Due to a nationwide vaccine supply shortage, the Visiting Nurses Association will not hold its annual "Supershot Day," normally held in April.
"We don't have enough vaccines to give," said Susan Bowler, public health team leader at the V.N.A. "The Supershot Day was a time we could make sure people have an opportunity to get kids caught up on vaccines."
Because of the shortage of several vaccines many children beginning school next fall might not have all of the shots normally required, but Bowler said people need not worry.
"What we want parents to know is the schools are aware there is a shortage," Bowler said. "We've been working hard for years to get children up to date but some kids coming into school this year will not have the shots normally required. As soon as it becomes available we will let the public know."
Normally when children begin school they are required to have five doses of the vaccine DTaP, which immunizes children for several sicknesses including whooping cough and tetanus.
The Colorado State Board of Health has temporarily suspended the fourth and fifth shot requirement for DTaP.
Typically the fourth shot is given at 12 months of age while the fifth dose is given between the ages of four and six, said Rosemary Spence, a public health nurse consultant at the Colorado Department of Public Health and Environment.
"It's important to get all the doses so when the shortage is over people need to know to get them," Spence said. "Right now we want to make sure children younger than one get the dose they need because that's the age group that could likely get whooping cough."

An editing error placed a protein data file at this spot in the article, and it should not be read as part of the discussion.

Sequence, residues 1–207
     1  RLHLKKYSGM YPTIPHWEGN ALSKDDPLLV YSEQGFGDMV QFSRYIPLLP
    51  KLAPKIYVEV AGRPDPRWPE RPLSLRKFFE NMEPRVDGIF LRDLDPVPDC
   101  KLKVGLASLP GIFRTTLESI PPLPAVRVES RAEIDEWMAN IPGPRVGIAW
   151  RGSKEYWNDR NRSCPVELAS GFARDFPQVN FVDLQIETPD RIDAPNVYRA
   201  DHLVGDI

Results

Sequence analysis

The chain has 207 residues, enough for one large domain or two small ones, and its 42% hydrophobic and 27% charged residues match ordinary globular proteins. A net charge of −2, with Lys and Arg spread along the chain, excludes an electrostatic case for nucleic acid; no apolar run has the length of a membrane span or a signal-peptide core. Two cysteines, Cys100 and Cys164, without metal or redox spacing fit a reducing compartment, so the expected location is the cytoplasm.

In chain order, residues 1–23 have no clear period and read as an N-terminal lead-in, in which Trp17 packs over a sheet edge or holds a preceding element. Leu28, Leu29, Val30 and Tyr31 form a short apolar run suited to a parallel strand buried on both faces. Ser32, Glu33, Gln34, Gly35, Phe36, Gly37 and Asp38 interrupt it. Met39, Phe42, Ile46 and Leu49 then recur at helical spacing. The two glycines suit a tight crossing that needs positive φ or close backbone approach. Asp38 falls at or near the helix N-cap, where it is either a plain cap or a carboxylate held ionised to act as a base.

Bowler agreed that it was good enough vaccines were available for those first DTaP shots.
"The priority is the first shots," she said. "If the supply were critically low we would know."
The state board of health has made several recommendations regarding the prioritizing of the limited vaccine stocks.
"There haven't been changes in the law but schools have been asked to consider students without all of their required shots to be considered 'in process,'" Spence said. "If a child was unable to get the proper vaccine due to the shortage a school could not suspend the student."
Spence said several factors can be attributed to the shortage.
"The shortage can't be attributed to one thing," Spence said. "Some of the shortages have to do with changes in production as a result of changes in FDA requirements.
The changes resulted in a delay in production."
Another factor is one of the companies that made tetanus shots pulled out of the market, she said. Moffat County school nurse Carroll Moore said the schools are not yet concerned about the shortage.
"Most of the kids are still coming in with four DTaP shots," she said. "My main concern would be if a child came in with a real dirty wound, but in that case we would give them the vaccine anyway."
Joan Kleckler, a Moffat County Schools health technician, said no child would be kept out of school.
"Immunizations change all of the time and we always work with parents if there aren't enough vaccines available," she said.